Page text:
With the release of “He’s All That,” starring social media influencer Addison Rae, and her subsequent multi-film deal with Netflix, I can’t help but wonder if TikTok is unofficially serving as the number one casting agency for producers.
Casting media personalities is not new for the film industry. Initially, when it came to actors running the risk of losing their jobs to those who were inexperienced, it was models snatching up roles. We all remember the iconic performances of Paris Hilton in “Zoolander” and Heidi Klum in “Ella Enchanted,” in which both of them truly proved their talents at playing shallow and unbelievable characters.
Models slowly gave way to internet personalities, most prominently stars from Vine and YouTube. To name some of the most popular, you have Flula Borg, a German YouTuber in “Pitch Perfect 2” and “The Suicide Squad.” Anna Akana, another YouTuber was in “Ant Man,” and Vine star King Bach was in “The Babysitter.” Lastly, Vine and Instagram personality Cameron Dallas starred in “Expelled.”
Now, we have the influencer, coming from Instagram and TikTok and traveling through a pipeline to Hollywood by filling mainstream roles. Rae for instance, is an influencer with 84.2 million followers on TikTok.
In earlier renditions of media personalities being cast in films, their appearance did not minimize the quality of the film, even if the performance was subpar.
Jump forward roughly 13 years and you see films like “Expelled,” where the only thing making the project salvageable and therefore marketable is the prominence of the influencer cast in the leading role. The only notable and consistent element of this project is Dallas’ phoned-in acting. When Dallas was cast in “Expelled” he had 6.1 million followers on Vine and millions of followers on Instagram.
For producers, it makes a lot of sense to hire an influencer. They are a “talent” with a built-in following in the millions, regardless of how abysmal their actual talent is. However fiscally reasonable casting influencers is, it results in fewer, well-deserving actors from being discovered.
The casting of untrained pseudo-celebrities is leading to an increase in projects that are commercially successful, yet trashy. “He’s All That” held a slot on Netflix’s category of Top 10 in the U.S. Today for a week — although who really knows how accurate Netflix’s self-made promotional feature is.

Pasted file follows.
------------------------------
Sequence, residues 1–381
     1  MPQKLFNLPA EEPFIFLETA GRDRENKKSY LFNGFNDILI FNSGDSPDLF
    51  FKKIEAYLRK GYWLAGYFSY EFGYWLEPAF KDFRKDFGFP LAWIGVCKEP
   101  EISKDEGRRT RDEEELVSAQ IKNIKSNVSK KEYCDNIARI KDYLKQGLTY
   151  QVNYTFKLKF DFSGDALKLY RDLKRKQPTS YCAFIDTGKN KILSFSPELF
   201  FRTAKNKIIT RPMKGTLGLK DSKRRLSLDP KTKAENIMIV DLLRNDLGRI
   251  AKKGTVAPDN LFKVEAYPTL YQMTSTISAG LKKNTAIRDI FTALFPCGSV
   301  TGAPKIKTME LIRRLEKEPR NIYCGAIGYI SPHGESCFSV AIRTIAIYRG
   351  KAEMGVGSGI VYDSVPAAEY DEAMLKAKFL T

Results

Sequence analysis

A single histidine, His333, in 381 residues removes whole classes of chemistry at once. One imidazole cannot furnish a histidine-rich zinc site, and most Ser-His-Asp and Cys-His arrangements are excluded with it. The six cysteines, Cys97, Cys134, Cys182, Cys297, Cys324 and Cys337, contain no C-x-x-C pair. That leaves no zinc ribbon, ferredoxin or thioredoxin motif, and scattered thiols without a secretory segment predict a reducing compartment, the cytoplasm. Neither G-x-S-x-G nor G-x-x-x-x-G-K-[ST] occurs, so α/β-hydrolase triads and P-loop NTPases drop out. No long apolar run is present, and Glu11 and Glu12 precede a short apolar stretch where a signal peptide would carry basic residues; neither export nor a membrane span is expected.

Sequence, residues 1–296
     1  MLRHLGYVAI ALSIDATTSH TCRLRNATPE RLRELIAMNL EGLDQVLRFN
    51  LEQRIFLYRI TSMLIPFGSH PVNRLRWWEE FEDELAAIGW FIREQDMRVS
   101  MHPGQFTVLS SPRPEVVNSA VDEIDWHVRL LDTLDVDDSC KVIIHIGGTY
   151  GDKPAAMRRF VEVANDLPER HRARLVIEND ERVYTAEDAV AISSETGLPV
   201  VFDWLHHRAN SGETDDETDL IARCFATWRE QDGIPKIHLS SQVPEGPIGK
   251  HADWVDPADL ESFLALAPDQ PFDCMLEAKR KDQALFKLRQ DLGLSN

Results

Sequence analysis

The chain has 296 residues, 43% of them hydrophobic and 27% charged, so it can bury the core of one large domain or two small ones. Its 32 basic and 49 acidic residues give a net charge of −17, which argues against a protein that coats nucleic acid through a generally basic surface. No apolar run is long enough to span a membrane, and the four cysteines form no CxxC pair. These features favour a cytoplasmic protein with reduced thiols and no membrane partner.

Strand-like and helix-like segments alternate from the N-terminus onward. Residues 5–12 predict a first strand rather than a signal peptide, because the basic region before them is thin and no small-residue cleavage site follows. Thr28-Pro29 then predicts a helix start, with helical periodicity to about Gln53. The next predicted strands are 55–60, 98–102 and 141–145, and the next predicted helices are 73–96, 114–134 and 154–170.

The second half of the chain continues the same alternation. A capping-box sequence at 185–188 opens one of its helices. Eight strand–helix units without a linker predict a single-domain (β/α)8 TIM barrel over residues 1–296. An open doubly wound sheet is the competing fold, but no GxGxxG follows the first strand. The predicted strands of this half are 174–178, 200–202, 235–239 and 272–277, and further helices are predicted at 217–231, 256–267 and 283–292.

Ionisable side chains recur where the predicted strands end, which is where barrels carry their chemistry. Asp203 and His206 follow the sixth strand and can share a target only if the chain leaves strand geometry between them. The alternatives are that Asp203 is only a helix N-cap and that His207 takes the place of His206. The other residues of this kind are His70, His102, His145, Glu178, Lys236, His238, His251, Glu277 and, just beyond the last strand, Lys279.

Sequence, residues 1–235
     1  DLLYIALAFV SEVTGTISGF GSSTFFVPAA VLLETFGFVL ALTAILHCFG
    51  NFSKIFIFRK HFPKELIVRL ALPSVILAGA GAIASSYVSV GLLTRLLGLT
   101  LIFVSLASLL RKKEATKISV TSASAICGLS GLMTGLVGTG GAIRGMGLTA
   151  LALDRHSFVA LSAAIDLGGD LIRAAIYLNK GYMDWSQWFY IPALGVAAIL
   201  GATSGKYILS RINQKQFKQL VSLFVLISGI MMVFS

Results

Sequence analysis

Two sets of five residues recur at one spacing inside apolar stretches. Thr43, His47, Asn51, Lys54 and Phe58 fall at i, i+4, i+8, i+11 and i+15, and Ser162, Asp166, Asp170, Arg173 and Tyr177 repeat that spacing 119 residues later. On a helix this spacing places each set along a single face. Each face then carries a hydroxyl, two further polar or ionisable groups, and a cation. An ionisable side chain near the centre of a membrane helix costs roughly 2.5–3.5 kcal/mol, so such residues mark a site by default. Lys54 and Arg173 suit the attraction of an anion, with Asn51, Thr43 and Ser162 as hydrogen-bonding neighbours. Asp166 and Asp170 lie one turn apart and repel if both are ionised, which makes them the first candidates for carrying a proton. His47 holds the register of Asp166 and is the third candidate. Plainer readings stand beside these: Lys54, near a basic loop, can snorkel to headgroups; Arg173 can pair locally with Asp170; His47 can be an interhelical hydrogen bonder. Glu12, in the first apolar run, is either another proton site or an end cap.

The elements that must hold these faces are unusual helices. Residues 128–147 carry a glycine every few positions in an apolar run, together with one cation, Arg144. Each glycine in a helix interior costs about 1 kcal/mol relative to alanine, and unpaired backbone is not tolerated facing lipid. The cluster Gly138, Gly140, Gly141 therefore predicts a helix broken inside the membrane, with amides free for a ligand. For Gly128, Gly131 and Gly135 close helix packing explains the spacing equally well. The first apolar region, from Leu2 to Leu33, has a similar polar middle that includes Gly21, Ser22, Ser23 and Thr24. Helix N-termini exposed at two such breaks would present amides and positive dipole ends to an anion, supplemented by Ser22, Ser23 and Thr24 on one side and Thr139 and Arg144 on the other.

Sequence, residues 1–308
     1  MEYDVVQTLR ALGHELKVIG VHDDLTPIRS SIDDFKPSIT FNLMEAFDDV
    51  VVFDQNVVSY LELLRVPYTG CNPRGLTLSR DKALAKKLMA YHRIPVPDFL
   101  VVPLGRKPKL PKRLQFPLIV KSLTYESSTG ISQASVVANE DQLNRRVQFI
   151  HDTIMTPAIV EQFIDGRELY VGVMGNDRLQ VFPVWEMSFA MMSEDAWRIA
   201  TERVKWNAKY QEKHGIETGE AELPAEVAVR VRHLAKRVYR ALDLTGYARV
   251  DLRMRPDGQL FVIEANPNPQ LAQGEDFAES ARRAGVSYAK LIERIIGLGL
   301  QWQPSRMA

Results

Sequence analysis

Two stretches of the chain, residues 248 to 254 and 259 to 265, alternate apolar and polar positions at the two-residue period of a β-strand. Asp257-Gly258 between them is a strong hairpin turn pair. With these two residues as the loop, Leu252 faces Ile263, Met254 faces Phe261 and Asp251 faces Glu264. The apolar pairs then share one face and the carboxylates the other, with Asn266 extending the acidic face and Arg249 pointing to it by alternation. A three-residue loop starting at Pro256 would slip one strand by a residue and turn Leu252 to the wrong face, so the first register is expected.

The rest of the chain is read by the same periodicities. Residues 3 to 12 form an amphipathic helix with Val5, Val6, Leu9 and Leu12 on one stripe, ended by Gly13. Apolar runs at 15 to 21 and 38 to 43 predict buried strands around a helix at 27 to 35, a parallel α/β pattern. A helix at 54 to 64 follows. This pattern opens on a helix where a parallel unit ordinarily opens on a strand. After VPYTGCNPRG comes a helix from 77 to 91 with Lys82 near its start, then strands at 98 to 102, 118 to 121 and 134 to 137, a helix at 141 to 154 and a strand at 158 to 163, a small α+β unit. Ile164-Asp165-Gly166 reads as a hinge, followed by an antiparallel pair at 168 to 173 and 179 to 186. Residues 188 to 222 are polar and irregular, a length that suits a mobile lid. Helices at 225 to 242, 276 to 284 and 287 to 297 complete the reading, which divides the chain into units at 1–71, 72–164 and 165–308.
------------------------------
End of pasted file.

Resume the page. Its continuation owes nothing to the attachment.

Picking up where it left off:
It is undeniable that despite their poor quality, there is an audience for these projects. Producers know that viewers tune in either to watch the social media star that they love or to see the star they love to hate. This has led to low amounts of energy being put into these films because the executives on the project know people will watch regardless of quality — if you disagree please watch “He’s All That” and then get back to me.
In cinema, there is an unspoken rule that viewers will have different expectations of films of different genres. You wouldn’t go into watching romantic comedies with the same expectations as if you were going to see science–fiction. Since it is clear these influencer projects are not going away anytime soon, should we start changing our expectations for them?
Viewers accept the current low quality of these trashy influencer films. But because of this, Netflix has no incentive to improve the quality of influencer movies, because of these million-dollar, built–in audiences.
What can be done about the influencer-to-actor-pipeline, I’m not sure. Maybe question if giving social media stars a like or a follow just to continue to see what controversy will happen next is worth it; especially if it means they then have an increased likelihood of starring in a Netflix Original. Regardless, this pipeline isn’t slowing down any time soon. So if you’re an aspiring actor, let this be the push you need to start twerking on TikTok to guarantee your path to stardom as we watch the film industry progress even further away from being a form of art.